This might be a crazy question...

Discussion in 'Special Education Archives' started by Deb06, Aug 11, 2006.

  1. Deb06

    Deb06 Companion

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    Aug 11, 2006

    I know it might be a dumb question, but what exactly is meant by a Mild/Moderate Disability? I just got hired as a K-3 special education teacher for students with mild/moderate disabilties. I haven't received their IEP's yet, and I'm unsure of what exactly these students will need. I think I'm on the right track, but if anyone can explain what exactly it means to be mild or moderate, and problem areas for these students, it would be much appreciated! Thanks.
     
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  3. chicagoturtle

    chicagoturtle Fanatic

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    Aug 11, 2006

    I think IEPs will be your true help.
    I guess I think of Mild/Moderate as many things Speech and Language only, Mild Autism, Mild MR, Downs (depending on IQ), Learning disabled, etc.

    I think of Severe/Profound as the kids who need 1:1 most of the time, Kids with severe speech/language delays both receptive/expressive/ kids who have major difficulties with self-help skills along with severe IQ disabilities.

    I think the IEP will help you along, but I feel I don't truly know new kids by their IEPs. It takes them awhile to adjust to the new settings etc...
     
  4. Deb06

    Deb06 Companion

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    Aug 11, 2006

    Thanks for the information. :)

    You're right, I think the IEP's will help me a great deal! Hopefully I can get those on Monday since school starts on the 23rd! Eek. I also agree that I won't get to truly know what each student needs until they are actually in the classroom.

    Thanks for your help, chicagoturtle. :)
     
  5. Deb06

    Deb06 Companion

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    Aug 12, 2006

    Anyone else have any tips/ideas/suggestions. Eleven days until school starts and I still haven't received any IEP's. =/
     
  6. brett158

    brett158 Companion

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    Aug 12, 2006

    From my experience the mild/moderate classification doesnt mean too much. I teach K-5 students which are aupposed to be mild/moderate but I have a WIDE range of students from ones who need 1:1 attention and others who I dont even need to see because they function so well in the regular education classroom. There is not too much you can do before seeing the IEP's. Do you have some beginning of the year assessments ready. For example I spend the first week giving students a reading assessment and math assessment to see where they are at. I also have all of my students give me a writing sample at the beginning of the year.
     
  7. AspieTeacher

    AspieTeacher Comrade

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    Aug 12, 2006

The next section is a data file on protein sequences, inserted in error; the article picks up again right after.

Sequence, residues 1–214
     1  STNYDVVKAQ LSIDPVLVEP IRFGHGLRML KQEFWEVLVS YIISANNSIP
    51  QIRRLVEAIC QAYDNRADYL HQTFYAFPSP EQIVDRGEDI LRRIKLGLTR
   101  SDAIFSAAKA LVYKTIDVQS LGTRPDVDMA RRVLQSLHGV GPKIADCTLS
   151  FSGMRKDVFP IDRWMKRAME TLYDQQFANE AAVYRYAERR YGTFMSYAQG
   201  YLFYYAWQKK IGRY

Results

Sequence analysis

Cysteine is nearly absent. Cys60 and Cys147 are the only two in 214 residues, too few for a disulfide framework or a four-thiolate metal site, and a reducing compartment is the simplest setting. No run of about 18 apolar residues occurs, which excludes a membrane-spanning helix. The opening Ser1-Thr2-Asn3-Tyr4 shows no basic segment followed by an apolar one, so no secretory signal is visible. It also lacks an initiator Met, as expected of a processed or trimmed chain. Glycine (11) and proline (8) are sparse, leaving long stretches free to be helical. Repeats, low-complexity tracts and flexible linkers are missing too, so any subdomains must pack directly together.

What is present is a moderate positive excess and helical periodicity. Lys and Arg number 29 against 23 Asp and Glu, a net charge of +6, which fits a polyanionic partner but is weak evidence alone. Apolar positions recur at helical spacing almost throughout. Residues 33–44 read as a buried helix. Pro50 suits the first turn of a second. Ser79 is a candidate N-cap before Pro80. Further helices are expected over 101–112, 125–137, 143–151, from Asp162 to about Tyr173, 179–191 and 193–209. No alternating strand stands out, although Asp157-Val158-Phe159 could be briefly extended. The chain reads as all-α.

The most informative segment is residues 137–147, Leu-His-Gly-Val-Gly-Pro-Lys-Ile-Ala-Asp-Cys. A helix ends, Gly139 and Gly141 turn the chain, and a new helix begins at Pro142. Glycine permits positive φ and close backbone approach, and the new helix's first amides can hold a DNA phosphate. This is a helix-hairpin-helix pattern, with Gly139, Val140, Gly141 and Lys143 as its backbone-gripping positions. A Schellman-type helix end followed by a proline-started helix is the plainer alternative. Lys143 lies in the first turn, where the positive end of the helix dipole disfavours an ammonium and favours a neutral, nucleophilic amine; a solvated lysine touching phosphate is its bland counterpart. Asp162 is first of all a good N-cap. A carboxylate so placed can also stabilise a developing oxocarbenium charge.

Deb,

    I would first take the time to read the IEP before you decide what your students are capable of doing. Are you going to be working in a self-contained special day classroom (SDC)? I work in a self-contained special day classroom at a local middle school. I'm the autism support teacher there. My students have moderate/severe autism though. I have a more modified academic/life-skills based structured classroom. I am lucky to have at least one paraprofessional who works with some of my students. She is very caring and loving towards the students which I really admire. We do not give special breaks to our children because of their autism, we do our best to accomodate their autistic tendencies. I also have one student who requires 1:1 assistance or he will wander and not focus. The majority of my students live in homes where English is a second language as well. It's frustrating trying to communicate with the parents and they don't even speak English. I wish more parents of children with moderate/severe disabilites would STOP BABYING their child. We make our students responsible for their own behavior by giving them positive and negative consequences. They also start to learn that making positive choices will get them positive consequences. Read the IEP before you decide what you're going to do. I would also make an effort to find out what kind of curriculum you are responsible for as well.

    Troy in Downey, Ca
    AspieTeacher (proud of my autism)
     
  8. Deb06

    Deb06 Companion

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    Aug 12, 2006

    Thanks for the info. :) I am REALLLY hoping to get the IEP's on Monday.

    Beginning of the year assessments are definitely something that I want to do. Does anyone have any ideas for beginning of the year reading assessments? It's so hard to plan for the right materials when I have no idea what levels these students are on.
     
  9. Giggles1100

    Giggles1100 Comrade

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    Aug 12, 2006

    Well In my school distric that lable does not include autistic childrent ehy are included under the communication disorders. Mild to moderate in our school district is more of a Life skills class, with some academics thrown in, meaning they might beable to regular electives and they might go to an english class with an aide and then you help modify the heck out of their work for them to do a lesson. BUT every school districts definition of what is what is different.
     

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